The Canadian rollout of Microsoft’s “live software” services strategy will require the company to double-check the terms and conditions of its joint venture agreement with Bell Sympatico, executives said Tuesday.
Microsoft Corp. Webcast an internal staff briefing from its Redmond, Wash.-based headquarters to discuss its plan to offer two sets of Internet-based services designed to complement its flagship products, Windows OS and the Office suite of tools. Windows Live and Office Live are not intended as a replacement to the upcoming Windows Vista or Office 12, but to personalize content and manage data. They will generate revenue either through advertising or subscription fees, executives said.
Microsoft has offered software as a service before, including live help functions in Office and its LiveMeeting collaboration product, but increasing competitive threats from Google have put pressure on the firm to offer alternatives to buying expensive software and installing it locally.
Windows Live includes several tools, such as an e-mail service and instant messaging service, that has previously been available in Canada through MSN.ca. Last year, however, Microsoft Canada formed a partnership with Bell to launch Sympatico-MSN.ca, a single portal that would offer the best of both sites. Tuesday was actually the 10-year anniversary of MSN’s foray into the Canadian market.
In an interview shortly after the Webcast, Microsoft Canada vice-president of marketing Jordan Chrysafidis said the two companies were still hammering out the details of how Windows Live could be offered to Sympatico-MSN.ca’s Canadian users.
“It’s going to be soon. I’d give you a date if I had one,” Chrysafidis said. “We have a great partnership with them, and obviously we don’t want to mess that up . . . (the live software strategy) is something we could not have foreseen.”
Chrysafidis said the beta trial of Office Live, which will include tools to help small businesses establish an Internet presence and five Web-based e-mail accounts through an ad-supported model, will begin next spring in the United States and eventually make its way here.
“Those are things that, if you are a company with 10 employees or less, it’s prohibitive,” he said. “We’re aiming this at the kind of firm that can’t afford its own IT department.”
Bill Gates, Microsoft’s chief software architect, said the live software era would not exclude its large corporate customers, however. “A lot of these things could extend into the enterprise,” he said, pointing out the work the company is already doing in providing managed services to some of its clients. “We’re not just saying consumer or small business.”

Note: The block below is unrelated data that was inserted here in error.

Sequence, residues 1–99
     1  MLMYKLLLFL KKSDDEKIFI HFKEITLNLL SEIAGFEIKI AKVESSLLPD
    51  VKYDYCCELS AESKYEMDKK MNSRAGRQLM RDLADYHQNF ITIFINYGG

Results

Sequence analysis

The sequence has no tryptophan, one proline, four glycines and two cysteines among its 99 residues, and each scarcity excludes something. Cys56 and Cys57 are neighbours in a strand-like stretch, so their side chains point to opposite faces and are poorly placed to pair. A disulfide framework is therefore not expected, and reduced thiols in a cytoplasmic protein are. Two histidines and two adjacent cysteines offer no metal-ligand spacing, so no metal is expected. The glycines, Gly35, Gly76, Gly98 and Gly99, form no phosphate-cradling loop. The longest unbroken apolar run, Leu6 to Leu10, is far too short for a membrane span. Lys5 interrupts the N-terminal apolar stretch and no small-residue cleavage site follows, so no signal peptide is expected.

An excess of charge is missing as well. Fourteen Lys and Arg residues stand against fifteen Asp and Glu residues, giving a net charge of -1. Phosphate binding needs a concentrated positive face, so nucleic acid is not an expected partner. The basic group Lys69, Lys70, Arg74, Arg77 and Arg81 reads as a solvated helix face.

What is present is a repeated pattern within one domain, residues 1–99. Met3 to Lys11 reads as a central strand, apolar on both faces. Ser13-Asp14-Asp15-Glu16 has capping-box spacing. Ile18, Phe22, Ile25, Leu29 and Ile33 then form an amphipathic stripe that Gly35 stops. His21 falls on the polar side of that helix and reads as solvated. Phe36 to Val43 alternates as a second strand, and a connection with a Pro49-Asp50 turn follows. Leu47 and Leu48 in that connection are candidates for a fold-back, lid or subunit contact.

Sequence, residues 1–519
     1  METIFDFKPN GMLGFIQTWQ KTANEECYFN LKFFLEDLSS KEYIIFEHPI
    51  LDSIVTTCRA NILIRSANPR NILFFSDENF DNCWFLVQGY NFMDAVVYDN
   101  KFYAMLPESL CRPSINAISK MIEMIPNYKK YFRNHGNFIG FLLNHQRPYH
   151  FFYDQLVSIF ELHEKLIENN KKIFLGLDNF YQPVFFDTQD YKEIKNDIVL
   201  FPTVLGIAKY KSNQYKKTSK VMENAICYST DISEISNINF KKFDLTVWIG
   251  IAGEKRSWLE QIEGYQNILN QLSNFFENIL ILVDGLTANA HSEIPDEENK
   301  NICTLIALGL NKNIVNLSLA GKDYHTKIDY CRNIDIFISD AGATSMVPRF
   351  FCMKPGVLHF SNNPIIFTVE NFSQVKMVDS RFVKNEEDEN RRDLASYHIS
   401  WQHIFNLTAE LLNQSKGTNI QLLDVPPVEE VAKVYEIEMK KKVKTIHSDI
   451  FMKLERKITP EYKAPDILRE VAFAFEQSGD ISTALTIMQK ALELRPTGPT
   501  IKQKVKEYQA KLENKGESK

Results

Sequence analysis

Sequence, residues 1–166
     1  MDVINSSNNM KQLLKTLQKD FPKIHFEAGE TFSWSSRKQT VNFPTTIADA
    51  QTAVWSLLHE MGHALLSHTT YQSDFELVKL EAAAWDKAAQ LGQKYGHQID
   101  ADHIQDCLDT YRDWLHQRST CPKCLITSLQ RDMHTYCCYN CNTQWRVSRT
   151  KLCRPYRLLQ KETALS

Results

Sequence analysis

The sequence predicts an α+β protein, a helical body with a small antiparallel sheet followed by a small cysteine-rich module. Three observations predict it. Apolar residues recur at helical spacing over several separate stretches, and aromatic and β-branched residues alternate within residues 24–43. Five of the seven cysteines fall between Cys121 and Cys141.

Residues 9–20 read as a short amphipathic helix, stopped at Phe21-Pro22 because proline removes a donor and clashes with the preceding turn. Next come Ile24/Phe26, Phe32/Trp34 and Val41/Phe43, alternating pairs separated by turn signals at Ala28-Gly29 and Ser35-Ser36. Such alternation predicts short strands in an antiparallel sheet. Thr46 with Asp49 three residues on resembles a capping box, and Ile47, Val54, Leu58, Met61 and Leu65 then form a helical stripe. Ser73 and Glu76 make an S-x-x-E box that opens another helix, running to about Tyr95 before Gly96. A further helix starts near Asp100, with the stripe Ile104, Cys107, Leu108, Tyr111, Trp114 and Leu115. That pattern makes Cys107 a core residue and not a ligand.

There are many Canadian companies that already offer hosted online services for small businesses here. Toronto-based SoftCom Technology Consulting Inc., for example, has been offering a free Web-based e-mail application called mail2web.com for several years. John Carthy, SoftCom’s vice-president of sales and marketing, said he didn’t necessarily see Microsoft’s live software strategy as a competitive threat.
“Microsoft has never made any statement that they weren’t going to get into software as a service. I’m not surprised, I’m just hoping it’s something they will open to their channel,” he said. “They could offer it direct or through their channel.” When Microsoft has done both, Carthy added, it has traditionally priced itself out the market so that channel partners tend to win the business.
Gates likened Windows Live and Office Live to other major milestones in its 30-year history, including its embrace of the graphical user interface in the early 1980s, its Internet strategy of 1995 and the launch of its .Net Web services platform in 2000. Qualitative improvements in hardware, along with the rise of online advertising, has primed the market for online services, he said.
“We want software developers to be able to tap into that model,” he said. “It will be tiered at the bottom end with (free) ad-funded services and subscription services at the top end.”
Chrysafidis said the growth of broadband in Canada means Microsoft might fare better with its live software strategy than its previous efforts to lure small business customers through its BCentral strategy on MSN.ca.
“None of these things tend to be overnight successes,” he said. “It may be we weren’t ready with BCentral . . . but I think this is a company that has a determination to stick with it. When we launched MSN.ca 10 years ago, we had very small marketshare and a major competitor in AOL.”
Windows Live will also include Safety Center, where users can scan for and remove viruses from their PC, while Office Live includes 20 applications that can automate project management, expense reports, and time and billing executives said.
“Live software works with many devices,” Gates said. “It’s not forcing the user to move the data around and to personalize it to the device.”
Microsoft said it will make application programming interfaces available to its developers so they could customize and build on top of Windows Live and Office Live.